Slavery and Islam: What is Slavery?
The Problem of Defining \ˈslā-v(ə-)rē\
How We See Slavery – American Chattel Slavery
The Spectrum of Coerced Labor
- Serfdom: In Europe, this tradition goes back to ancient Greece. Laborers, usually peasant farmers, were free in the sense that they owned their own clothes, tools, livestock as well as the fruits of their labor. But they were bound to the land on which they lived or to their landlord wherever he might go.17 Serfdom in Europe developed as the status of free peasants and settled Barbarian prisoners of war in the late Roman Empire collapsed into a single class of “quasi-servitude” not too different from slavery.18 Serfdom disappeared in most of Western Europe in the wake of the Black Death in the 1300s, though it continued in the institution of villeinage in England until around 1600 and continued into the 1800s in mining areas of Scotland and German-speaking lands. Serfdom is most associated with Russia, where it came to replace slavery in agriculture and domestic spheres in the late 1600s and early 1700s.19
- Master/Servant Relationship: When serfdom disappeared from Western Europe, it was replaced by the relationship between the laborer and the landowner/employer. Unlike our modern notion of a worker’s contract, however, failing to live up to this contract was a criminal offense. Only in the British colonies in North America did a notion of free labor eventually appear in the 1700s, and this did not make its way back to Britain until 1875.20
- Debt servitude: This has been one of the most widespread forms of coerced labor. When a person is unable to repay a debt, he or she becomes the slave of the creditor. This was extremely common in Southeast Asia, where our Western model of slavery was extremely rare.21
- Bonded labor/indentured servitude: This is similar to debt servitude and has been very common in history. A person willingly enters into an agreement to exchange their labor and a loss of some freedoms for a fixed period of time in return for some service or up-front payment. This differs from debt servitude because the person willingly surrenders their labor and a degree of freedom.
Definitions that Never Seem to Work
Slavery in Islam – A Political Question
Conclusion: Focus on the Conditions, not the Word
1 The Ottoman tradition of elite slavery may have been inherited from the late Roman and Byzantine Empires, where imperial slaves (often eunuchs) could rise to high positions in the military and the administration; Youval Rotman, Byzantine Slavery and the Mediterranean World, trans. Jane Marie Todd (Cambridge, MA: Harvard University Press, 2009), 104; Cam Grey, “Slavery in the Late Roman World,” in The Cambridge World History of Slavery: Volume I The Ancient Mediterranean World, ed. Keith Bradley and Paul Cartledge (Cambridge: Cambridge University Press, 2011), 499.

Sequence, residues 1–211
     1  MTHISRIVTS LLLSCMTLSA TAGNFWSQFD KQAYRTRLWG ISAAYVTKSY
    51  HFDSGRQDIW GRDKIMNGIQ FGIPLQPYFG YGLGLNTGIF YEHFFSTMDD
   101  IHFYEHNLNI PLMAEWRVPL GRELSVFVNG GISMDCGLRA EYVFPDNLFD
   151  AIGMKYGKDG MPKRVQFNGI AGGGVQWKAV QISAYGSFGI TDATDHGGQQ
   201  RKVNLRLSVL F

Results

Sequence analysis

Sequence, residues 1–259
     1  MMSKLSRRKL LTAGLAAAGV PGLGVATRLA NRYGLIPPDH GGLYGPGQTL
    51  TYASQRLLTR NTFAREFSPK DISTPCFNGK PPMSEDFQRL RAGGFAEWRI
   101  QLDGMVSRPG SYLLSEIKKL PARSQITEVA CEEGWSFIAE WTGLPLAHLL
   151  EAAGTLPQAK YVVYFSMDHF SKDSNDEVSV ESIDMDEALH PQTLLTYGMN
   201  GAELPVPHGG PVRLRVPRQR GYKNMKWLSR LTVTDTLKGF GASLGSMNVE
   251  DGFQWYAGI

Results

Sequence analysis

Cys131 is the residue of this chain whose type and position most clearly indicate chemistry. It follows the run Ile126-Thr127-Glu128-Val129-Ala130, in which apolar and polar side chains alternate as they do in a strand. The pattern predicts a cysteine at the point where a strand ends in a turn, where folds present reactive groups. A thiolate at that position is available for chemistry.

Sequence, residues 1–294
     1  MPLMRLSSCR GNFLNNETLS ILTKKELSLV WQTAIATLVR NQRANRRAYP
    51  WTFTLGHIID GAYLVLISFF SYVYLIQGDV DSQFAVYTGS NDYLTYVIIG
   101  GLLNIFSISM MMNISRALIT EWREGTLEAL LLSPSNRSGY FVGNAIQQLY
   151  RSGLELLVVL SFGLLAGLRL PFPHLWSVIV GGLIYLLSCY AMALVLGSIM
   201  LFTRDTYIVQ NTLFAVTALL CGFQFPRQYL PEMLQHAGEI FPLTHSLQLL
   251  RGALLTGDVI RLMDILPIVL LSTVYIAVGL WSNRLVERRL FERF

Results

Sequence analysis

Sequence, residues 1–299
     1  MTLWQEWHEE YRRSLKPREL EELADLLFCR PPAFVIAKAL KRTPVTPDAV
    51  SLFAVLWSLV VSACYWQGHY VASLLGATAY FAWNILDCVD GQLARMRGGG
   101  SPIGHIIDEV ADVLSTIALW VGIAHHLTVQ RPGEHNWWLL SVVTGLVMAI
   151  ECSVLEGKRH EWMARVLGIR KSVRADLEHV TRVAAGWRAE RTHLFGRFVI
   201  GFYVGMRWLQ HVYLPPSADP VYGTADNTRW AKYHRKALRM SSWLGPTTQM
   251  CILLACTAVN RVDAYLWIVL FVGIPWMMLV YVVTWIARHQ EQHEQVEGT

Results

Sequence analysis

2 Pamela Kyle Crossley, “Slavery in Early Modern China,” in The Cambridge World History of Slavery: Volume 3 AD 1420-1804, ed. David Eltis and Stanley Engerman (Cambridge: Cambridge University Press, 2011), 200.
3 Christoph K. Neumann, “Whom did Ahmet Cevdet represent?,” in Late Ottoman Society, ed. Elisabeth Özdalga, 117-134. London: Routledge, 2005), 117.
4 David Brion Davis, Challenging the Boundaries of Slavery (Cambridge, MA: Harvard University Press, 2003), 17-18.
5 Orlando Patterson, Slavery and Social Death (Cambridge, MA: Harvard University Press, 1982), 22.
6 Grey, “Slavery in the Late Roman World,” 496; Rotman, Byzantine Slavery, 174-76.
7 Patterson, Slavery and Social Death, 22.
8 Crossley, “Slavery in Early Modern China,” 191.
9 Julia O’Connell Davidson, Modern Slavery: The Margins of Freedom (New York: Palgrave Macmillan, 2015), 162.
10 Crossley, “Slavery in Early Modern China,” 187.
11 Vaughan Lowe, International Law: A Very Short Introduction (Oxford: Oxford University Press, 2015), 1.
12 Here quoting Youval Rotman, Byzantine Slavery, 19.
13 Rotman, Byzantine Slavery, 17-18.
14 Rotman, Byzantine Slavery, 97-98.
15 Joseph C. Miller, The Problem of Slavery as History (New Haven: Yale University Press, 2012), 12.
16 David Eltis and Stanley Engerman, “Dependence, Servility, and Coerced Labor in Time and Space,” in The Cambridge World History of Slavery Volume 3, 3.
17 Richard Hellie, “Russian Slavery and Serfdom, 1450-1804,” in The Cambridge World History of Slavery Vol. 3, 276-77.
18 Cam Grey, “Slavery in the Late Roman World,” 484-6.
19 Hellie, “Russian Slavery,” 284, 292-93.
20 Eltis and Engerman, “Dependence, Servility, and Coerced Labor,” 7; Davidson, Modern Slavery, 68. In England this issue was governed by the Statute of Artificers, which the American colonies only adopted in a limited way.
21 Kerry Ward, “Slavery in Southeast Asia, 1420-1804,” in The Cambridge World History of Slavery Volume 3, 165-66.
22 Eltis and Engerman, “Dependence, Servility, and Coerced Labor,” 6.
23 Kenneth Morgan, Slavery and Servitude in Colonial North America (New York: New York University Press, 2000), 8-9, 20; David Galenson, “The Rise and Fall of Indentured Servitude in the Americas: An Economic Analysis,” Journal of Economic History 44, no. 1 (1984): 4.